Wednesday, June 15, 2011

Tuesday Triumph: Drawing Board Support

It's pretned day. I'm pretneding that my family hasn't caught some strange-o summer bug and we didn't lose two days of the week. Therefore- I'm totally in time to post this week's Tuesday Triumph! Presto! (I always heard it's easy to make your own reality in virtual-land but why I'd change the day of the week and not get an instant ab six-pack is beyond me.)

So without further ado...
Continuing our Tuesday Triumph series I have another new old invention to share. Each Tuesday… at least we have for a while now- presented an early 1900's invention pulled from patent applications that were shared in old World’s Advance magazines (later became Popular Science).
Inventions remind us to stay clever and innovative. I recently finished a few Sherlock Holmes novels and I imagine those early 1900's times as being full of opportunity for the next inventor. Perhaps in our old age we will look back on this time as being full of possibilities as well. I think the innovative creativity can still inspire us today, so please enjoy this Tuesday’s Triumph: 
Electric Light Moulding as published by the New York Modern Pub. Co. in Vol. 31 of the World’s Advance (1915).
Electric Light Moulding

“A New York inventor has just patented a combination wood and metal moulding which, while possessing the neat appearance and ease of installation of the wooden moulding formerly in use, has practically the same electrical qualities as the present metal moulding required by the Fire Underwriters. By studying the illustration it will be observed that the wooden moulding has a metal facing with grooves for holding the wires. The capping also has a metal surface on the side that faces the wire. Special metal pieces are employed at corners and adjacent sections for making electrical connections between the different lengths of moulding.”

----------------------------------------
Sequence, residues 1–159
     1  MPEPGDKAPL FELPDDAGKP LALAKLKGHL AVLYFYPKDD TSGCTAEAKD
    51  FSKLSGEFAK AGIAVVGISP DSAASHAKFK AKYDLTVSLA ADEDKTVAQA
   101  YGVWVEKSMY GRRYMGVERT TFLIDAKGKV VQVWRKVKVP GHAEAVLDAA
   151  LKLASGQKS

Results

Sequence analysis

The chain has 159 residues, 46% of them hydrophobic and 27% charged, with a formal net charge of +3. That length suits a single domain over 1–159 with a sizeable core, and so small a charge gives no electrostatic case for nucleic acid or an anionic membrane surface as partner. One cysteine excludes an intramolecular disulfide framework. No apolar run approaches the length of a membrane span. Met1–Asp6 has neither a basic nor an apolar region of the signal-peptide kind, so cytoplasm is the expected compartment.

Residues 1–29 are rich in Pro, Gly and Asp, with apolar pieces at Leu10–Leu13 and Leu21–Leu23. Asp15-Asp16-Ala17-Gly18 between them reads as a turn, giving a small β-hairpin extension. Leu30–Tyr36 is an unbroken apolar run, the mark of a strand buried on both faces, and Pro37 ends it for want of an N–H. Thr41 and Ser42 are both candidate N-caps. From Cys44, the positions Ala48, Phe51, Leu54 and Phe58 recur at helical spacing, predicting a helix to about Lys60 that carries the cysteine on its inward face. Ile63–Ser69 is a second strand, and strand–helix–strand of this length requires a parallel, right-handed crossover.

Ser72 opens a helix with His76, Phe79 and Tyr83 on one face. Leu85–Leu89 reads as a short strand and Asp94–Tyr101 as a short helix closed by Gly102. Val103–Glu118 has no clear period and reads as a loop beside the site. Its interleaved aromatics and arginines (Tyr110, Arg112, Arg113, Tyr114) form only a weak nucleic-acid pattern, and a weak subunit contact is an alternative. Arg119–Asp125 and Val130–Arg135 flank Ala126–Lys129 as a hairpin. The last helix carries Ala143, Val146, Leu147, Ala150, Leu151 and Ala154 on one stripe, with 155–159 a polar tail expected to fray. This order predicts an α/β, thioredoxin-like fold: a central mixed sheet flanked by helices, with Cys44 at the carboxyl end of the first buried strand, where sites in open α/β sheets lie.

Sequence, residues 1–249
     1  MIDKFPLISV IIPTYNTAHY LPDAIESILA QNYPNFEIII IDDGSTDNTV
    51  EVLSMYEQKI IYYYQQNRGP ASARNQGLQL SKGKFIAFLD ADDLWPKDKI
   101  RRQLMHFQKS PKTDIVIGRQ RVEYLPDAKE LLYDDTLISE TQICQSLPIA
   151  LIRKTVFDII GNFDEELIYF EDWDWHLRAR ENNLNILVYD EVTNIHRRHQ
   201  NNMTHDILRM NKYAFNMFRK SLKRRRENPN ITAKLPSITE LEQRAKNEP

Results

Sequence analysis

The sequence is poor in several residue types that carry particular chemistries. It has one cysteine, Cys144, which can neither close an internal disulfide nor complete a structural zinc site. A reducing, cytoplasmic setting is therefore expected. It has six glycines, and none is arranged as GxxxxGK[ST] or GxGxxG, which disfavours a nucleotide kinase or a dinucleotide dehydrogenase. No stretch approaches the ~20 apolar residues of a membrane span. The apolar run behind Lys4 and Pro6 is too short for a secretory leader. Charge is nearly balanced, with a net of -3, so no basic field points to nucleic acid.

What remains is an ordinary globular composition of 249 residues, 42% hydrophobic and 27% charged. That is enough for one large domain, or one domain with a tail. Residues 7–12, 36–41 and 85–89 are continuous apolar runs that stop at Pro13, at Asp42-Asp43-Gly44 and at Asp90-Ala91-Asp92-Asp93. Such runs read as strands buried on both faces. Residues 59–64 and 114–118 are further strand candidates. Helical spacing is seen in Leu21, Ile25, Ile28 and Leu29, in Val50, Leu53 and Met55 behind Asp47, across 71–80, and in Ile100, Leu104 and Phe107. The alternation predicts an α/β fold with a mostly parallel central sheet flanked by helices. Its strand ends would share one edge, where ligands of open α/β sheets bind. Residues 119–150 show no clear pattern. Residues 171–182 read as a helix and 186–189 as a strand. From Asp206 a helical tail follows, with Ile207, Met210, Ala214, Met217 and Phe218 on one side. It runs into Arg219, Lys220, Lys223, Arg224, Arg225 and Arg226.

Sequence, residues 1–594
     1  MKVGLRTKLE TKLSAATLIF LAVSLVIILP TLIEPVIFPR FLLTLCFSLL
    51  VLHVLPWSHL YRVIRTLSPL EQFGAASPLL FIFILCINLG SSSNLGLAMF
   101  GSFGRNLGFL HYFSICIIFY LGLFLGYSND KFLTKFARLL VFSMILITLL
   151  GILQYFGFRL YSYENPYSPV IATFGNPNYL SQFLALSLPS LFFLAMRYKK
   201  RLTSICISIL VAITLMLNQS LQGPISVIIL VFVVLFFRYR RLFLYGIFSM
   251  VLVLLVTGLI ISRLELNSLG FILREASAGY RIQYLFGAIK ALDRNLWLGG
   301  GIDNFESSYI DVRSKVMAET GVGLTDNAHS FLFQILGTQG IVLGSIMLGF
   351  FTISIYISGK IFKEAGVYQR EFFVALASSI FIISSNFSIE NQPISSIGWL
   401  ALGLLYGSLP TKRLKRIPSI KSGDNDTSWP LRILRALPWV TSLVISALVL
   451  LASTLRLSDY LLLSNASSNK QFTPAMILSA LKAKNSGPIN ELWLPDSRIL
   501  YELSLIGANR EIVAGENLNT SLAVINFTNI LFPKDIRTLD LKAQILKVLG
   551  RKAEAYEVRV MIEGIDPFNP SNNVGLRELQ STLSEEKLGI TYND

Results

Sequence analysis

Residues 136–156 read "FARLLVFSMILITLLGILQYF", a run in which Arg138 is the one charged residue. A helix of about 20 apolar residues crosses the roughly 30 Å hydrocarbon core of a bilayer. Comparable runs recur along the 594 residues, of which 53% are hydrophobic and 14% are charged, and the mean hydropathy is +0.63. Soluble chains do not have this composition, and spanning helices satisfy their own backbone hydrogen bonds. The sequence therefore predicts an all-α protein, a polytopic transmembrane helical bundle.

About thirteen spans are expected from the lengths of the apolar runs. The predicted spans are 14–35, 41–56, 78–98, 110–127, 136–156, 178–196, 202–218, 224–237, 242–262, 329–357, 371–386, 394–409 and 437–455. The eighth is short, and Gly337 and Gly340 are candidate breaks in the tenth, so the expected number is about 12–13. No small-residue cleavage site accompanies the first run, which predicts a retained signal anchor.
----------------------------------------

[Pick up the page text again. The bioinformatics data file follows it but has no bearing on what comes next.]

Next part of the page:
I'm trying desperately to imagine how safe this must have been. I can't figure out if the moulding itself made the electrical connections or if there are just grooves to hold a wire. I fear my original assumption may be correct. If they were stringing wire it would have been on top of the existing plaster and it was likely uncoated- leaving the wood as the insulator. Sheesh. It's no wonder fire seemed more prevalent with early electricity installs. I recently finished reading a book on Nicola Tesla (yes- I'm a geek and not even undercover) as some of his more pioneering projects in wireless electricity transmissions. Now wouldn't that be cool!!

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